Those Bright Spots On Ceres Just Got A Bit Weirder

A study has looked at the enigmatic bright spots on Ceres, which continue to be a source of mystery, finding that they may all have a common origin.

The study, led by Ernesto Palomba from the National Institute for Astrophysics in Rome, is published in Icarus. Looking at the light reflected by the bright spots, the researchers attempted to find differences between them.

The bright spots – regions of the surface much lighter than the surrounding material – were first spotted by the orbiting Dawn spacecraft in 2015. Since then, a number of theories for their formation have been proposed, from evaporating ice to geysers.

While we can’t say for certain what formed them, the leading theories at the moment are either cryovolcanoes leaving salt deposits (sodium carbonate) behind or heat from impacts melting material underground. Lending credence to the latter is the fact that 90 percent of bright spots are found in impact craters or are debris from them, notes New Scientist.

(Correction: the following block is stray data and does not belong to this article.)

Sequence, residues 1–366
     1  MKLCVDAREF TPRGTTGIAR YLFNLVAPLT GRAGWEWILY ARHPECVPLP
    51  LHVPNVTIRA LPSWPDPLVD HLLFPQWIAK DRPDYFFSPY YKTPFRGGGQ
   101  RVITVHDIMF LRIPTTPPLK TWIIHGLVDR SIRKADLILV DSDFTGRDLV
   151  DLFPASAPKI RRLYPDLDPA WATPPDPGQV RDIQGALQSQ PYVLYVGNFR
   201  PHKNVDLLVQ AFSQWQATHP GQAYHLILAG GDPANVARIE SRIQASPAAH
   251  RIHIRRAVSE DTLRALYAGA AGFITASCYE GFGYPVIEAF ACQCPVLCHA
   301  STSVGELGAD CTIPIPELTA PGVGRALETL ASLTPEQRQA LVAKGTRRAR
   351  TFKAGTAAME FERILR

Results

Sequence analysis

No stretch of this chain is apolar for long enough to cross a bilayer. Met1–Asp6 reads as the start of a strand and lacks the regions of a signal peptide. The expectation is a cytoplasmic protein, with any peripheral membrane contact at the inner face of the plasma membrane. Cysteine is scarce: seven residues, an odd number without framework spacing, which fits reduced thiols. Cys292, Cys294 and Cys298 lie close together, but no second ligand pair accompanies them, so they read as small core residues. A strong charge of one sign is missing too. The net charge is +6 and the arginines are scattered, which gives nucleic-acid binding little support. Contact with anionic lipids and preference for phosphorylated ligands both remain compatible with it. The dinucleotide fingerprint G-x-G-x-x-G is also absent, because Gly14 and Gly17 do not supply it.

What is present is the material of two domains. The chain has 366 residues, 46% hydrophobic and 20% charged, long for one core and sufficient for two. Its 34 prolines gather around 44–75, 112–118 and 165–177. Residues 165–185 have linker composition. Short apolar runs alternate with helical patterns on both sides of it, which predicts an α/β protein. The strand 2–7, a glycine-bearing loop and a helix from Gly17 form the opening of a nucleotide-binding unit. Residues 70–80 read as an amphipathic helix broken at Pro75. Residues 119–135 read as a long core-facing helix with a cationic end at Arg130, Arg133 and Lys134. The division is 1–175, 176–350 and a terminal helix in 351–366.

But there are hundreds of bright spots on Ceres, some with different materials in them. The team wanted to know if they all had the same formation process. The answer at the moment appears to be “yes”.

The researchers found that most of the bright spots were made of the same material – calcium or magnesium carbonates mixed with ammonia-rich clay. However some, like the brightest spot of all in Occator crater, have more sodium carbonate. This suggests they have followed different evolutionary paths.

“Each bright spot could have followed a single evolutionary path,” the team noted in their paper.

“Our results highlight that the bright spots on Ceres show not only different spectral, and consequently compositional, properties but they even suggest evolutionary process involved in their differentiation”

The largely similar compositions suggest they had a common origin, before diverging and appearing slightly different today. This question still remains, but researchers now hope to build a computer model of Ceres to find an answer. In the future, it may even be worth sending robotic landers to explore the regions to see if Ceres is some sort of habitable oasis.